Cancer-cluster theory on paper, rage in father's heart
It began with a neighbor dying, then an uncle who lived down the street, then all the livestock on one Maryland farm fell dead, one cow after another.
And then it hit closer to home -- a wife fell terminally ill and a young daughter was gone.
The pattern became familiar, the stories swapped between neighbors sounding more and more alike: cancer, tumors, non-Hodgkin's lymphoma, leukemia.
The Rice family has lost 12 members to leukemia alone.
"That's not counting brain, breast, all of those other cancers," said Diane Rice, 55, who survived breast cancer. "You just know that's not right. Something is not right."
Over their fences, at community picnics but mostly at funerals, the people of one Frederick neighborhood near Fort Detrick wondered whether it was just a horrible coincidence that so many of them had cancer.
It's become a familiar scenario. Cinematic, even, thanks to the amazing story of Erin Brockovich, who helped prove that a utility company had been poisoning the water supply of Hinkley, Calif., for more than 30 years. A small town's residents soaked in grief and armed to the teeth with lab reports, statistics and analyses step forward to prove that they are, in fact, a cancer cluster and not just an unfortunate collection of tragedies.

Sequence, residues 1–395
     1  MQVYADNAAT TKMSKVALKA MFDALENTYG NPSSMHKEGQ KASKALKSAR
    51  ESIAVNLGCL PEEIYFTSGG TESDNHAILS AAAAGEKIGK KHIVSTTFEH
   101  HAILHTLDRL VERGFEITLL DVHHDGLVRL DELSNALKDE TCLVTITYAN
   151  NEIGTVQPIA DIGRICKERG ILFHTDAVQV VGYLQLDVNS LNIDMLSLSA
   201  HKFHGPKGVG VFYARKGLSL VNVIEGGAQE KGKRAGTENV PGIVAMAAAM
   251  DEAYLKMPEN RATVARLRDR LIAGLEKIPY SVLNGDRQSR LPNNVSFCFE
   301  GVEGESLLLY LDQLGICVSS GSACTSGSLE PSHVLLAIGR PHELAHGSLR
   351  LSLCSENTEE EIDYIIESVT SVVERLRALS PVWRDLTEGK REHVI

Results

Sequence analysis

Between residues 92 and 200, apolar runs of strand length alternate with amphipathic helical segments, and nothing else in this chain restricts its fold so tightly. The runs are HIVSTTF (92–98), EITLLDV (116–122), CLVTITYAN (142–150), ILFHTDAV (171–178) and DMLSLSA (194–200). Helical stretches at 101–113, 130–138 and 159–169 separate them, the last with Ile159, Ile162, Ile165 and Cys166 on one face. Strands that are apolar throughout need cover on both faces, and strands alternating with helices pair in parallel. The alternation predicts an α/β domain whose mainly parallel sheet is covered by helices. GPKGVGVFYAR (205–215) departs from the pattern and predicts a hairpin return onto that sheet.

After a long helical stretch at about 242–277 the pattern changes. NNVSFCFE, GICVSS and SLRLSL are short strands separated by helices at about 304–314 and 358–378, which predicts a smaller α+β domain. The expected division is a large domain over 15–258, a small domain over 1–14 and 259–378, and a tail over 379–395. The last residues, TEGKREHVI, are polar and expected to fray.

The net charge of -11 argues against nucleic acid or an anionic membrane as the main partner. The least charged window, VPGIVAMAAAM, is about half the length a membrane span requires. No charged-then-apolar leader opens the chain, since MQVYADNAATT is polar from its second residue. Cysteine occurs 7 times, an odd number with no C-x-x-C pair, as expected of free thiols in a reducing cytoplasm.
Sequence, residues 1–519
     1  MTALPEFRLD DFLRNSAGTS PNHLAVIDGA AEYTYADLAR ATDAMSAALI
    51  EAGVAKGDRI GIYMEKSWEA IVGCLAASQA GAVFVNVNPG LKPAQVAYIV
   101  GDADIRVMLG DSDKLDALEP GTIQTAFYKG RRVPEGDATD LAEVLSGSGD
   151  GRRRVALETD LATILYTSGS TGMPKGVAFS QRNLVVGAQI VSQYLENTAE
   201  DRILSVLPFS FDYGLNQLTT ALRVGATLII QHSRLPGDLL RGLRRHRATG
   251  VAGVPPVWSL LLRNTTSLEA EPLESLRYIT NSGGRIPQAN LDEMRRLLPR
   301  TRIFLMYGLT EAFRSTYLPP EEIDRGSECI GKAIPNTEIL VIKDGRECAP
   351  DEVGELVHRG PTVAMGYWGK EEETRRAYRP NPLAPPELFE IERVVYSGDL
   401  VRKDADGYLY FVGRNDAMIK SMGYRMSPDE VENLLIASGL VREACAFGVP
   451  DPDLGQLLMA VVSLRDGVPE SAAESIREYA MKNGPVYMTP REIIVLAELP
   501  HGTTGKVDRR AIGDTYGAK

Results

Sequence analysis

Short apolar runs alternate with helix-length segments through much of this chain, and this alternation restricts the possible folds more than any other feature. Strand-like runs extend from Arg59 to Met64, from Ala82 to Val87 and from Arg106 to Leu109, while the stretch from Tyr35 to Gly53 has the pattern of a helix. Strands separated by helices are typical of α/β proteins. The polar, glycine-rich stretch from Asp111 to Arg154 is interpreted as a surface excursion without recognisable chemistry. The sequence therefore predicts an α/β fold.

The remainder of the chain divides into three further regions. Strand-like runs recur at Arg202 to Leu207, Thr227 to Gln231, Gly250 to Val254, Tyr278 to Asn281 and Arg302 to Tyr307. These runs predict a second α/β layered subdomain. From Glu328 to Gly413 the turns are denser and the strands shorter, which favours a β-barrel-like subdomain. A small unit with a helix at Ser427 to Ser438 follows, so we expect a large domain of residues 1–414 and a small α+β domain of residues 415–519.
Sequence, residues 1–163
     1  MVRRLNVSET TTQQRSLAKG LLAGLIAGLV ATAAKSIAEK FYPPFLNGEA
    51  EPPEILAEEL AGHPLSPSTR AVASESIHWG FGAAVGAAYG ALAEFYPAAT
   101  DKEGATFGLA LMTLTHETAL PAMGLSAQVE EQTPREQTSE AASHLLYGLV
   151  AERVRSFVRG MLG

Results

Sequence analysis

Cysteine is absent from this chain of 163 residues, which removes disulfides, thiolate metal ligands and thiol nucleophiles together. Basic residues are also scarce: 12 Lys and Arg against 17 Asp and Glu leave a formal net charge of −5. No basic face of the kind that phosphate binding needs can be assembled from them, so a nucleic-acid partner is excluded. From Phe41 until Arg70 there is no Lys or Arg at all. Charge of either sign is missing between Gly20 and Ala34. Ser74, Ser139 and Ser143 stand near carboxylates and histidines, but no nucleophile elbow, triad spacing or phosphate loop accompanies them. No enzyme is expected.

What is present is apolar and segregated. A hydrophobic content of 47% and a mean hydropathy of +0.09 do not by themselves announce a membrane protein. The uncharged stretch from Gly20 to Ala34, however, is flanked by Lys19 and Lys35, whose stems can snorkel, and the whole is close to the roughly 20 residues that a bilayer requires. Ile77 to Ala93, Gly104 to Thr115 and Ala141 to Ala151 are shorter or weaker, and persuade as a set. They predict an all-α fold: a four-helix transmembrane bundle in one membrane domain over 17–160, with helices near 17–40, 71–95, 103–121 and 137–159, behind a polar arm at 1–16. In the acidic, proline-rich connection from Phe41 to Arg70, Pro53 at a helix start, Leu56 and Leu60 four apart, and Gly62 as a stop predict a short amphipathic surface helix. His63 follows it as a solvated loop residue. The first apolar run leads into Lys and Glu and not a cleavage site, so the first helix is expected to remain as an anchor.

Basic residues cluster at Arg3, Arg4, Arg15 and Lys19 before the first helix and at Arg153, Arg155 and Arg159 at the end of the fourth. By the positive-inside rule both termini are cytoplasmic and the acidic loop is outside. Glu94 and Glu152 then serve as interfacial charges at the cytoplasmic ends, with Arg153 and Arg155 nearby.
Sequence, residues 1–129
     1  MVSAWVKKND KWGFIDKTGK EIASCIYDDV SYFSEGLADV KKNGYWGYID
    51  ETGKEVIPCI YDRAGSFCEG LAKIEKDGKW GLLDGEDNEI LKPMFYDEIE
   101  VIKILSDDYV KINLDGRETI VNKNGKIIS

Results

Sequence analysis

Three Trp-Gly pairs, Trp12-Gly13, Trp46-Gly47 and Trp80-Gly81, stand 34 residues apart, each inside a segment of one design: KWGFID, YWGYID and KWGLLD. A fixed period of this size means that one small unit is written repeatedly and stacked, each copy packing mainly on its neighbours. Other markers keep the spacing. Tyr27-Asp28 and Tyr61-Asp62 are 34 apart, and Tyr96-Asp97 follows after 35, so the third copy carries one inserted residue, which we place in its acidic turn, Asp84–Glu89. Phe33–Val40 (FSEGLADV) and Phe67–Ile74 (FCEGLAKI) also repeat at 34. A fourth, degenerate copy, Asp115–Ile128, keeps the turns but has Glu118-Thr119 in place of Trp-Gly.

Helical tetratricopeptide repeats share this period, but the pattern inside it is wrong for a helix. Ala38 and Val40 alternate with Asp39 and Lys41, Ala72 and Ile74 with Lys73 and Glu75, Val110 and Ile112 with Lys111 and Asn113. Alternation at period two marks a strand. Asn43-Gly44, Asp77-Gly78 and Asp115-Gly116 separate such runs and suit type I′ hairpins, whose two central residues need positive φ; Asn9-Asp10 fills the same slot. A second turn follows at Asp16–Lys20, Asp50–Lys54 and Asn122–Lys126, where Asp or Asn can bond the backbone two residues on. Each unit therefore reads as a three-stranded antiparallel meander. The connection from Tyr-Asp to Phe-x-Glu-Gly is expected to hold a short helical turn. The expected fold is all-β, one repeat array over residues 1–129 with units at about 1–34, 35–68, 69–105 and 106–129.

And, of course, following close behind them are the cluster-busters.
"There have only been a few reported cancer clusters that have proven to be real clusters," Melissa Bondy, a professor of epidemiology at the University of Texas MD Anderson Cancer Center in Houston, wrote in the Journal of the National Cancer Institute. "People get alarmed when they hear about cancers at various sites in an area. There have been some that epidemiologists have been able to untangle, but most cancer clusters have not been well documented. They usually don't pan out to be anything."
Try telling that to Randy White, whose 30-year-old daughter died of brain tumors in 2008. Now his ex-wife has stage four renal cancer, and another daughter has stomach tumors.
White grew up in Frederick and raised his family there. But when the Whites moved to Florida and began getting sick, a doctor looked collectively at their illnesses and told them that they weren't genetic, they were environmental.
They immediately looked to their former next-door neighbor, Fort Detrick, where anthrax and Agent Orange were studied for decades and where about 400 acres known as Area B were used for storage and dumping. The EPA put it on its Superfund cleanup list last year, and the Army has been spending millions of dollars in the past decade to clean up its harrowing waste pits.